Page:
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Sensorially important aldehyde production from amino acids in model wine systems: Impact of ascorbic acid, erythorbic acid, glutathione and sulphur dioxide

Paris Grant-Preece, Hongjuan Fang, Leigh M. Schmidtke, Andrew C. Clark; Food Chemistry, Volume 141, Issue 1, 1 November 2013, Pages 304–312

The efficiency of different white wine antioxidant systems in preventing aldehyde production from amino acids by oxidative processes is not well understood. The aim of this study was to assess the efficiency of sulphur dioxide alone and in combination with either glutathione, ascorbic acid or its stereoisomer erythorbic acid, in preventing formation of the sensorially important compounds methional and phenylacetaldehyde from methionine and phenylalanine in model white wine.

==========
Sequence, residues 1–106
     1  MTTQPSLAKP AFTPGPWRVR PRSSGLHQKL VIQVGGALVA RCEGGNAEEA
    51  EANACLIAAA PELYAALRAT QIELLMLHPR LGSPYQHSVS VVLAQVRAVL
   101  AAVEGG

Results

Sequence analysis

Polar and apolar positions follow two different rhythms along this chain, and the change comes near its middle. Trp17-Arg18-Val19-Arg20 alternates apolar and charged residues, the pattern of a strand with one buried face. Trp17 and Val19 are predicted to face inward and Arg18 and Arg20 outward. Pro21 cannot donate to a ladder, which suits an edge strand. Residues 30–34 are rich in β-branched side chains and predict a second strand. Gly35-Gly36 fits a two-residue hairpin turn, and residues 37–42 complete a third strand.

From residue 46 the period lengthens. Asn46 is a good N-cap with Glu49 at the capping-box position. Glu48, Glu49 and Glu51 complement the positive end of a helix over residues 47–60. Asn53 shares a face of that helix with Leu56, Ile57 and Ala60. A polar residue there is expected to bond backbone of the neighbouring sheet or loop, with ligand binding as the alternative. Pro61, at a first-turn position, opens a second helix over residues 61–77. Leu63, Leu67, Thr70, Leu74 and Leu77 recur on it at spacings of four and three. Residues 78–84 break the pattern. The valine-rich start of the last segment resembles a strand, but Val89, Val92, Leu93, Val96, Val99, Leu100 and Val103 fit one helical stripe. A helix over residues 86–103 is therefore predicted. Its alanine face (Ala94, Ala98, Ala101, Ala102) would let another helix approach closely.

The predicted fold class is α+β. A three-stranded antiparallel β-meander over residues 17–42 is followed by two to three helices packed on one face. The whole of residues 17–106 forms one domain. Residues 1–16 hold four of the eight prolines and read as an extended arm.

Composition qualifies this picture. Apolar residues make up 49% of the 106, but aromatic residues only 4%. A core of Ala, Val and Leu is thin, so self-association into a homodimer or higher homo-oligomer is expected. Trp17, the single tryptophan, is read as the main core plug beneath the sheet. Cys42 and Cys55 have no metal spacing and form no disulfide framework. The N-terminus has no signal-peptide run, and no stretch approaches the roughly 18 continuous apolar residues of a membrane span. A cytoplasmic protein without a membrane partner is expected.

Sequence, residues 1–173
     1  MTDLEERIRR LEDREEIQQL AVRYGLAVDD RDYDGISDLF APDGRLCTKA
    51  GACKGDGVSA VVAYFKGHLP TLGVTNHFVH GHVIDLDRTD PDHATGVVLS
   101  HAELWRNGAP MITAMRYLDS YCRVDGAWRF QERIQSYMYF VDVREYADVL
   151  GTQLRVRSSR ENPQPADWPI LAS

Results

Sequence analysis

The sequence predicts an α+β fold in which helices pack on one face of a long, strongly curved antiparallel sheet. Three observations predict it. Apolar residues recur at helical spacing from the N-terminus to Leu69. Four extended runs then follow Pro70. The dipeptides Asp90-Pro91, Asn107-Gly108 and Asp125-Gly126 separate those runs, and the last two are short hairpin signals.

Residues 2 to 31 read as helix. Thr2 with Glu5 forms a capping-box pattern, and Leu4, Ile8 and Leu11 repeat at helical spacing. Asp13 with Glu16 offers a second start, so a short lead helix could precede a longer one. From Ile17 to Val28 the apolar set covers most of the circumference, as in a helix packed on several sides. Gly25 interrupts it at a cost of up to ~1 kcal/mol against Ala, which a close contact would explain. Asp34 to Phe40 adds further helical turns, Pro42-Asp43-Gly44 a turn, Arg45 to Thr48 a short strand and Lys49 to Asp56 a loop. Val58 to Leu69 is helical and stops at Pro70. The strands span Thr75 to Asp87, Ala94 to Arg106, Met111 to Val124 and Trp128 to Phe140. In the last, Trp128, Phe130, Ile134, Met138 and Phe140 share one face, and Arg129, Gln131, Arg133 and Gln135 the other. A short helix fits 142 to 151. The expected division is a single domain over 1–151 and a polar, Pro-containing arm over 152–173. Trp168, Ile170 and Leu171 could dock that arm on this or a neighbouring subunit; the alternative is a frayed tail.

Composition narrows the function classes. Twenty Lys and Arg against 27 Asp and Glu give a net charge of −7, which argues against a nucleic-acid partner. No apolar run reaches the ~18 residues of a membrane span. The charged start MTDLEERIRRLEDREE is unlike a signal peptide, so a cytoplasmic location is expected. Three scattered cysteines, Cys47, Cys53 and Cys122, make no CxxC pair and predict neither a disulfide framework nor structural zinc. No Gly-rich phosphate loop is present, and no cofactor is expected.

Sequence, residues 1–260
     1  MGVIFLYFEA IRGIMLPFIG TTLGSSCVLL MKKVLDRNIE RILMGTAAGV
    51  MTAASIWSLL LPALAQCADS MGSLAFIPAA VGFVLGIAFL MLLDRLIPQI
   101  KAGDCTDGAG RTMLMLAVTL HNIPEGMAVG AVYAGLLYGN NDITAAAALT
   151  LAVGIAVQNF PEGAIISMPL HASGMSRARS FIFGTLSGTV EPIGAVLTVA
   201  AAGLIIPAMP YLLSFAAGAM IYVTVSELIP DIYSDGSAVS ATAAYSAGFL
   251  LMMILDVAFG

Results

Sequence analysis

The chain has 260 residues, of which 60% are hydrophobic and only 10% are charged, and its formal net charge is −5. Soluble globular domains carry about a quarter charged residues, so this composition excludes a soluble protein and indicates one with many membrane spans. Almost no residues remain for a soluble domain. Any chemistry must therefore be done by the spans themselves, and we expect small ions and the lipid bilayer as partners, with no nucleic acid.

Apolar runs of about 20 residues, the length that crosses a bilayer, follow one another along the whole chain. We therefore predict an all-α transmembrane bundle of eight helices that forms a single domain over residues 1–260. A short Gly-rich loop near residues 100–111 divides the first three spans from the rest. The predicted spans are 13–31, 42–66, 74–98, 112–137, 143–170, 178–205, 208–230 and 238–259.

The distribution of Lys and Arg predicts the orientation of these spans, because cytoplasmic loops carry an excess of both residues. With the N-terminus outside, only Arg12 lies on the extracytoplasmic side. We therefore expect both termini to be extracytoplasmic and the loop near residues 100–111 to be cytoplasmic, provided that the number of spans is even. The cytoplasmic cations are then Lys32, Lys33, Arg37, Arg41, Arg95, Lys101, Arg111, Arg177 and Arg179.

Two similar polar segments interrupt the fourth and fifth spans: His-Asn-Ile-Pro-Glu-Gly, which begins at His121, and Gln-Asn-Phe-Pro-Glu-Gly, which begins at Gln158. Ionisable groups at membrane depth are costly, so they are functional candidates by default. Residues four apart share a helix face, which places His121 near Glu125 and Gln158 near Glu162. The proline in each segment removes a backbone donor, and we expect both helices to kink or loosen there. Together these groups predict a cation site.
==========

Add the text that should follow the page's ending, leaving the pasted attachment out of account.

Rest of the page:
UHPLC, GC–MS/MS, LC–MS/MS, flow injection analysis and luminescence sensors determined both compositional changes during storage, and sulphur dioxide–aldehyde apparent equilibrium constants.

Depending on temperature (25 or 45 °C) or extent of oxygen supply, sulphur dioxide was equally or more efficient in impeding the production of methional compared to the other antioxidant systems.

For phenylacetaldehyde, erythorbic acid or glutathione with sulphur dioxide provided improved inhibition compared to sulphur dioxide alone, in conditions of limited oxygen consumption.

The results also demonstrate the extent to which sulphur dioxide addition can lower the free aldehyde concentrations to below their aroma thresholds. 

(We recommend that you consult the full text of this article)

Published on 26/06/2014
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